Last year at the Columbus Convention & Trade Center, CPA conducted a pickleball tournament on temporary courts. More than 200 players from seven states participated, but the majority were from Columbus, he said.

“That was a proof of concept,” Tankersley said about evidence for support of a pickleball facility in Columbus. “We actually had to cut off the signups. People were still trying to come in.”

CPA considered vacant warehouses in Columbus as possible sites for an indoor pickleball facility, such as the one planned in Macon, but the cost was prohibitive, Tankersley said.

Tankersley’s paid job is director of the Omnisphere Theater at Columbus State University’s Coca-Cola Space Science Center. While driving to work in December, he passed CWW’s uptown park and thought, “Gosh, this could become a huge hub for the community. … It just ties into the synergy of what’s happening in uptown.”

Plus, that site doesn’t have residential development nearby, Tankersley said, so it reduces the risk of complaints about annoying noise coming from the high-pitched “pop” of paddles hitting plastic pickleballs.

And more pickleball courts are scheduled to be built in Columbus.

In 2021, Columbus voters approved a 1% Special Purpose Local Option Sales Tax to raise $400 million for city projects. Part of the SPLOST revenue, $1.5 million, is planned for constructing 12 pickleball courts at Cooper Creek Park.

“It’s a sport that is in great demand in communities for all age groups,” city manager Isaiah Hugley told the Ledger-Enquirer. “If you’re going to be in the game, you’ve got to be in the game, and Columbus certainly wants to be in the game when it comes to recruiting events and qualify of life for citizens.”

The pickleball courts planned for Cooper Creek don’t have a construction timeline yet, Hugley said.

“We will begin further design and construction in 2024 when funds become available for the project,” he said.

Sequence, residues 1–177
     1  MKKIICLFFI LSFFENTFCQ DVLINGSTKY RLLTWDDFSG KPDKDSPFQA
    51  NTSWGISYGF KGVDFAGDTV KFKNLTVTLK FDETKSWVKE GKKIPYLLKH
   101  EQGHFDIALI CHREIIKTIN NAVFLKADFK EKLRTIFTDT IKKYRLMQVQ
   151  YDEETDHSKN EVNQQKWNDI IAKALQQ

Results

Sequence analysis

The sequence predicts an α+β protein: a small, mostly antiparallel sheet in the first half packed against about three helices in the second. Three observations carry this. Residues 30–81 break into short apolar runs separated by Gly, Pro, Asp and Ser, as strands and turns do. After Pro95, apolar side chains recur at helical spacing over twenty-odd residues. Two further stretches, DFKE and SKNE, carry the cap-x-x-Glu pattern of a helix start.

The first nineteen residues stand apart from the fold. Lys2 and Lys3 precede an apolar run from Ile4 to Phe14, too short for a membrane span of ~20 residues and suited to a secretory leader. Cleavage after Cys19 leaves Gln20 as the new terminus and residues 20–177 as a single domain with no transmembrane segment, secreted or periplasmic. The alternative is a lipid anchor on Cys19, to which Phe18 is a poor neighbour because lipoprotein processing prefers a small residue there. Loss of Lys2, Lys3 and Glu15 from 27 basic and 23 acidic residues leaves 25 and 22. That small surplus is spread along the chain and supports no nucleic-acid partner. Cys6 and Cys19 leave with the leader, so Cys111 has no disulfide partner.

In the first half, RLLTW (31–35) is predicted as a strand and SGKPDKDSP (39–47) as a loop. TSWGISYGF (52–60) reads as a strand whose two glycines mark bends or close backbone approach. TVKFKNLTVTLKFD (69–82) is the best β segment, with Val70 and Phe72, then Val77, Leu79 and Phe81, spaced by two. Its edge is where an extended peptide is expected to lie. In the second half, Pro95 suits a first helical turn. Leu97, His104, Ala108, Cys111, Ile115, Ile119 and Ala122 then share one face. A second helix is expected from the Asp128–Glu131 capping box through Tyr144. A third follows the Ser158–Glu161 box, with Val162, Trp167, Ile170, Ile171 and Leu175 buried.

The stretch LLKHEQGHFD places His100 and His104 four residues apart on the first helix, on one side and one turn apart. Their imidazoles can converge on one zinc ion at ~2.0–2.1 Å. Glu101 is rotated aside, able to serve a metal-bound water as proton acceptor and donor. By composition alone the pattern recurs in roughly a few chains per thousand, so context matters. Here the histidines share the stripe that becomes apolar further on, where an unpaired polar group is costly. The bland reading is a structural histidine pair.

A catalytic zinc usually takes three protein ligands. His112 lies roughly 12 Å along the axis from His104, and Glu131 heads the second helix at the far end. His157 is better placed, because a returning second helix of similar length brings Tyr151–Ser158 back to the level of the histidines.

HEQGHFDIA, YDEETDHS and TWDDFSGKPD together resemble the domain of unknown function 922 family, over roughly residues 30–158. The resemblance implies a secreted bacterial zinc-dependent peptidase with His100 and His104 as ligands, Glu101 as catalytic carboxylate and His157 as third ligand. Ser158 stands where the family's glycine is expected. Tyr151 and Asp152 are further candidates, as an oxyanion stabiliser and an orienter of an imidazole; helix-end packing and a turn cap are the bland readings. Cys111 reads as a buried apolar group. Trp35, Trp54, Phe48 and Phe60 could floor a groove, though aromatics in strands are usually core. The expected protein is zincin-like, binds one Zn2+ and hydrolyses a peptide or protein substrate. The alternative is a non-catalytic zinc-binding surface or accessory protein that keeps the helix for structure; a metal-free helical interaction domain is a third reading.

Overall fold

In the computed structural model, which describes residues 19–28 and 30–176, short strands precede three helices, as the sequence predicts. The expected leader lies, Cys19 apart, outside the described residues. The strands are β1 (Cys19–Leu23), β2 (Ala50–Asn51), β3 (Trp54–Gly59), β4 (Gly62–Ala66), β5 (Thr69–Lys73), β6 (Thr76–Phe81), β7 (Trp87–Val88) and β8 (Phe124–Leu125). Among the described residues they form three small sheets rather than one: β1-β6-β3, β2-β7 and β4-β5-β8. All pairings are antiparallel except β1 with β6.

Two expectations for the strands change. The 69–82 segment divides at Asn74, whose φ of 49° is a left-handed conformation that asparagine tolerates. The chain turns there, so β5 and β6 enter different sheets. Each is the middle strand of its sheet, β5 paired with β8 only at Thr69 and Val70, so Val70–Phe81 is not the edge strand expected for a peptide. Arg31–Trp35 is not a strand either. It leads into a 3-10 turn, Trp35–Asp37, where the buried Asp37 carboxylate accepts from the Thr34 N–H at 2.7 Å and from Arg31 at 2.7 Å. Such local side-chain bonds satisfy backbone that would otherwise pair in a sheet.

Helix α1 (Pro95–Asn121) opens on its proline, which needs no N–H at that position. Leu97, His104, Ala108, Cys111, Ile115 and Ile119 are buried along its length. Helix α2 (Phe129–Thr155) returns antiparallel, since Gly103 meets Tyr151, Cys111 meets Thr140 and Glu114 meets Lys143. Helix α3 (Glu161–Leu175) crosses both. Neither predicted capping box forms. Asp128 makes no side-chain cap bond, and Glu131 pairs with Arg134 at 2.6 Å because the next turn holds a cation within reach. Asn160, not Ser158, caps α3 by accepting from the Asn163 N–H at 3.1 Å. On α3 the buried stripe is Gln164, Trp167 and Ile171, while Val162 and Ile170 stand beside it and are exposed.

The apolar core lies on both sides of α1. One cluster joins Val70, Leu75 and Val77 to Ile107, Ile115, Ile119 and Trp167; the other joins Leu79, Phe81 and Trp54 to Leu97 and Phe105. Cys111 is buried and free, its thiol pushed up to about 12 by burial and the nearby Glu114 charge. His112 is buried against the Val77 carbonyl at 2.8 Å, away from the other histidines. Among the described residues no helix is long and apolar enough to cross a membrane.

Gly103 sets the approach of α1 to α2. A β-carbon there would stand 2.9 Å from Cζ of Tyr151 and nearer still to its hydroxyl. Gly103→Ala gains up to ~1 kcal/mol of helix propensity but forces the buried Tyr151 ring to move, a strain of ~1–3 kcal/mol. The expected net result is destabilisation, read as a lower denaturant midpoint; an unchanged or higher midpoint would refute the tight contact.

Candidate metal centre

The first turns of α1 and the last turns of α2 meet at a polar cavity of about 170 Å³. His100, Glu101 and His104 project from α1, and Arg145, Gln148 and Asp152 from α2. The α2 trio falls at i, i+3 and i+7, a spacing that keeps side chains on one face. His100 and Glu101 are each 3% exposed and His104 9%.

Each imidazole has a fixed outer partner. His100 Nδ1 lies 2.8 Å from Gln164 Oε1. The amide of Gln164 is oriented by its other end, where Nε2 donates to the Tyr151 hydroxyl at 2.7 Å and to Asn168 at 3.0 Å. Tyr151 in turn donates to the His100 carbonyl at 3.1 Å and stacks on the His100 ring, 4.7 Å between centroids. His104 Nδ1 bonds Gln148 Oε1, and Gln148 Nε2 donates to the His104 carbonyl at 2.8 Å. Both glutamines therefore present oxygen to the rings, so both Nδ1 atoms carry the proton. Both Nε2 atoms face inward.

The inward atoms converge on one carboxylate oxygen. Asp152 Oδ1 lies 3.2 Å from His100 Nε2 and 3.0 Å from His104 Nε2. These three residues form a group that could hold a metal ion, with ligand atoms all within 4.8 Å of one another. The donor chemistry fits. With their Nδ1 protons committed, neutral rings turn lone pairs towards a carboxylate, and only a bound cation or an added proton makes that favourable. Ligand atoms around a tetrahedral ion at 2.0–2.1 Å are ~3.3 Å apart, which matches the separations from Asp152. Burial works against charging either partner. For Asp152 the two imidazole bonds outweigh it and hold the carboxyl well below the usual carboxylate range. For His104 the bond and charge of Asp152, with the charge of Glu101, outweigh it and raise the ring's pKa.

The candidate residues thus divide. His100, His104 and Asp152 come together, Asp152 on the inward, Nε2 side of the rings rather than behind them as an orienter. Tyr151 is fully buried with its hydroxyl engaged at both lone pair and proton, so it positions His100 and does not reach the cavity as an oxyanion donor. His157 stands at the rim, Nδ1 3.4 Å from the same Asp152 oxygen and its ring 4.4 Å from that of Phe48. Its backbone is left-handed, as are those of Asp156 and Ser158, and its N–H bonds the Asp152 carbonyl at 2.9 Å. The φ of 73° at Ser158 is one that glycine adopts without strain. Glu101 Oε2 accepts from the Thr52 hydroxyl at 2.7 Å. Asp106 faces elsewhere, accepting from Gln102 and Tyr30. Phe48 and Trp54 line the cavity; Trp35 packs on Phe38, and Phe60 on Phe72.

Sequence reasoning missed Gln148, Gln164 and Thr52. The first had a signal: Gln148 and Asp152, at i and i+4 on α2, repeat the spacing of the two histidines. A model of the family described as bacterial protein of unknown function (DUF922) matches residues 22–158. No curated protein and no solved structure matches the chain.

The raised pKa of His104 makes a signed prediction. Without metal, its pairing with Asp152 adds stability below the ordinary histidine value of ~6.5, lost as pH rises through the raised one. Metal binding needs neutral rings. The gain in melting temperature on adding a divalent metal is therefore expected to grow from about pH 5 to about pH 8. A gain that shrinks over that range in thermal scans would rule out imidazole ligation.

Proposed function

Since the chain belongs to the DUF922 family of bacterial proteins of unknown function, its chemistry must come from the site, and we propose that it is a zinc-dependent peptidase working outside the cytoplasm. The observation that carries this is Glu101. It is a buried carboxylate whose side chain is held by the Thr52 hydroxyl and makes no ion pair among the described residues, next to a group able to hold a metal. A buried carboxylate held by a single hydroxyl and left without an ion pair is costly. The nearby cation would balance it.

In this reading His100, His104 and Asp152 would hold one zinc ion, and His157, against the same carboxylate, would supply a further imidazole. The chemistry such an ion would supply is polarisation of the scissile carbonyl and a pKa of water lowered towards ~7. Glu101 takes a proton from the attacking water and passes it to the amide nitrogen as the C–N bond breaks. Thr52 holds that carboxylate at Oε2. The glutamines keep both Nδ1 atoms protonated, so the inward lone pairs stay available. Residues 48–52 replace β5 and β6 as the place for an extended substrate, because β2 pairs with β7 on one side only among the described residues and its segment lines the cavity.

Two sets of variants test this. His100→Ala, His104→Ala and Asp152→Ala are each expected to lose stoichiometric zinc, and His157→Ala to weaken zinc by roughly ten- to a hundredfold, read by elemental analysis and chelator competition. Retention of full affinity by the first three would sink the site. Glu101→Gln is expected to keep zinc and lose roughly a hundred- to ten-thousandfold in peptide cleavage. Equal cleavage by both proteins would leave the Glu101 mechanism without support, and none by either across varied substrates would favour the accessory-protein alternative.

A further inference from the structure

How will the Columbus pickleball facility operate?

The Columbus pickleball facility will offer memberships or hourly fees, with prices similar to the Cooper Creek Tennis Center, Tankersley said. Tournaments, lessons, corporate events and partnerships with local school districts also could generate revenue, he said.

CPA’s business plan envisions needing approximately $300,000 in annual revenue to staff the facility while it’s open seven days per week, as early as 8 a.m. until as late as 9:30 p.m. Tankersley figures five part-time employees and a group of volunteers could cover those hours.

Until then, he hopes this project motivates more folks to try the sport that hooked him.

Combining elements from tennis, badminton and ping-pong, pickleball is played on a court approximately one-third the size of a tennis court.

Tankersley was a racquetball player who transitioned to tennis until an elbow injury prompted him to seek another sport. After seeing pickleball played at a local YMCA branch, he was compelled to try.

“It was so much fun and did not hurt my arm,” he said. “I started playing more and more and just became addicted.”

Tankersley likes the skill challenge and social outlet of pickleball — and that games last only about 20 minutes. With a smaller court than tennis, he also likes that players with wide ranges of age can compete with and against each other.

“But while it’s very easy to pick up and play,” he said. “It’s very hard to master, so there is an aspect of always wanting to improve.”

When he traveled out of town and saw the impact pickleball facilities have on other cities, Tankersley was motivated to help create one in Columbus.

“This is what I want for my city,” he said.

How to help

Tax-deductible donations to this project can be made at CPA’s GoFundMe account or by mailing a check to Columbus, GA, Pickleball Association Inc., P.O. Box 484, Columbus, GA, 31902.

CPA also offers sponsorships, including the naming right for the facility.

For more information about this project, Tankersley encourages folks to email him at or call him at 706-315-6049.

Credit: Ledger-Enquirer

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Credit: Ledger-Enquirer